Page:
# How to convert symbolic transfer function to state space?

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### Accepted Answer

Sam Chak
on 29 Nov 2023

I am uncertain about your intention regarding the symbolic state-space. The state-space object from the Control System Toolbox cannot be expressed symbolically. However, I can provide you with the conversion formula for the symbolic state-space in LaTeX form.

Plant transfer function:

Equivalent state-space system:

% Parameters

a = 3;

b1 = 5;

b2 = 7;

% Plant transfer function

s = tf('s');

Gp = ((a + b2)*s^2 + 3*b1*s + 9*a)/(s^3 + 9*s)

% Plant state-space

A = [0 1 0;

0 0 1;

0 -9 0];

B = [a+b2;

3*b1;

9*a-9*(a+b2)];

C = [1 0 0];

D = 0;

sys = ss(A, B, C, D)

% Check result if they are equivalent Gp = Gq

Gq = tf(sys)

##### 9 Comments

Sam Chak
on 30 Nov 2023

I am performing an analysis on how the variation of alpha, beta1, and beta2 effect the dynamics of my system (the state space response).

Obtaining the time responses of the system requires some real values for α, , and . Therefore, it cannot be purely symbolic. Also, if the initial condition is zero, then it is unnecessary to convert the transfer function to state-space. However, if the initial condition is non-zero, it becomes necessary to convert the transfer function to state-space. This is because the lsim(sys, u, t, x0) command can specify a vector x0 of initial state values only when sys is a state-space model.

Paul
on 30 Nov 2023

Edited: Paul
on 1 Dec 2023

Let's see the code you tried with tf2ss and we can see if it can be sorted out. tf2ss worked for me.

I still don't know what additional information you're trying to gain from the state space realization that you're not able to get from the transfer function.

### More Answers (2)

Paul
on 1 Dec 2023

Moved: Sam Chak
on 2 Dec 2023

Hi Sam,

I was hoping that the OP would show a little more effort before giving the answer. Anyway ...

The code should be modified to use the 'all' input to coeffs so as to return the 0 coefficients as well. That way we can use dencoeff as well, which is what we'd want in general, and not return numeric A and D matrices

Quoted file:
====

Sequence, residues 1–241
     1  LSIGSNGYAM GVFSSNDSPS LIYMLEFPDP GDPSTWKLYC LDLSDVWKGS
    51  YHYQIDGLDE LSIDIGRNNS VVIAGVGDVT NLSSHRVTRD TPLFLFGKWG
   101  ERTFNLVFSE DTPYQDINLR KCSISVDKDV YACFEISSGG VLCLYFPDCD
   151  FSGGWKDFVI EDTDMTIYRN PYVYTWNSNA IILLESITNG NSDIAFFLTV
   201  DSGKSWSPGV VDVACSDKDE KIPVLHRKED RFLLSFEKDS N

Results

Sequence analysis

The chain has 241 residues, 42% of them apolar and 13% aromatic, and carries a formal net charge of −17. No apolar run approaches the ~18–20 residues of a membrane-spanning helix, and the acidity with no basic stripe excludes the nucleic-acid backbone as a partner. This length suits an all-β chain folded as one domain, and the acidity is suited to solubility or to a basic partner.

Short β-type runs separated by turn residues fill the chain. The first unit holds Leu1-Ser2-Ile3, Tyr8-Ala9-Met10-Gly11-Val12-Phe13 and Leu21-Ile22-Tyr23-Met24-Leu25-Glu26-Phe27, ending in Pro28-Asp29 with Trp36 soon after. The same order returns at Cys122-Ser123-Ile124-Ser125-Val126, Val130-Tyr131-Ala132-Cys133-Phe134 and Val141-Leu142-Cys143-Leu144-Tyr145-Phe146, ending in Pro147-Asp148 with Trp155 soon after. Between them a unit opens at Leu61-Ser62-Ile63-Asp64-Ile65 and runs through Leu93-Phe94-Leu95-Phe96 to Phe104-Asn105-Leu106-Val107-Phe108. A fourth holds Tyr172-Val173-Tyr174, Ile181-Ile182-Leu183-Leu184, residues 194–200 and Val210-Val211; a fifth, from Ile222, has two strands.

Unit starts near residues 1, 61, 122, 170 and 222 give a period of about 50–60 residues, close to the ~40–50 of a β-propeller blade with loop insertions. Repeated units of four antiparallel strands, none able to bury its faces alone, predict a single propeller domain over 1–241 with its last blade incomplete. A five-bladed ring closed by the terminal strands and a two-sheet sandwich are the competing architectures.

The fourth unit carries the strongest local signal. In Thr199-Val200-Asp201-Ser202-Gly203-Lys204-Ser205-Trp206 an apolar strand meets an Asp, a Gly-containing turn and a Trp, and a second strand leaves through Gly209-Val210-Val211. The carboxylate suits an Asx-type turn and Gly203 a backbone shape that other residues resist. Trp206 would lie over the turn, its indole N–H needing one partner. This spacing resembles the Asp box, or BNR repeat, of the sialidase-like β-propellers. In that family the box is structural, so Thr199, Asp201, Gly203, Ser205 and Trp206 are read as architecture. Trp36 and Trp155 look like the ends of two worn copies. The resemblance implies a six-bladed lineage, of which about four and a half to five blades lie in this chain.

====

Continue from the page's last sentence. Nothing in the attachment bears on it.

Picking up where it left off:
syms s alpha beta_1 beta_2

assume(alpha, 'real');

assume(beta_1, 'real');

assume(beta_2, 'real');

%% Plant transfer function in symbolic form

Gp = ((alpha + beta_2)*s^2 + 3*beta_1*s + 9*alpha)/(s^3 + 0*s^2 + 9*s + 0)

[num, den] = numden(Gp)

[numcoeff, numterm] = coeffs(num, s, 'all')

[dencoeff, denterm] = coeffs(den, s, 'all')

[A, B, C, D] = tf2ss(numcoeff, dencoeff)

simplify(C*inv(s*eye(3)-A)*B + D) % verify

##### 1 Comment

Sam Chak
on 2 Dec 2023

Sam Chak
on 1 Dec 2023

@Paul's method is to use tf2ss(). In the past, I used this approach, but now I no longer use it since learning that the syntax ss(tf(num, den)) can achieve what I want. I also wasn't aware that tf2ss() can accept inputs of 'sym' (symbolic) data type.

syms s alpha beta_1 beta_2

assume(alpha, 'real');

assume(beta_1, 'real');

assume(beta_2, 'real');

%% Plant transfer function in symbolic form

Gp = ((alpha + beta_2)*s^2 + 3*beta_1*s + 9*alpha)/(s^3 + 0*s^2 + 9*s + 0)

%% tf2ss(num, den) requires inputs of numerator and denominator in vector form

[num, den] = numden(Gp)

[numcoeff, numterm] = coeffs(num, s)

[dencoeff, denterm] = coeffs(den, s)

%% check data type

class(numcoeff)

%% Obtain state-space matrices in symbolic form

[A, B, C, D] = tf2ss(numcoeff, [1 0 9 0])

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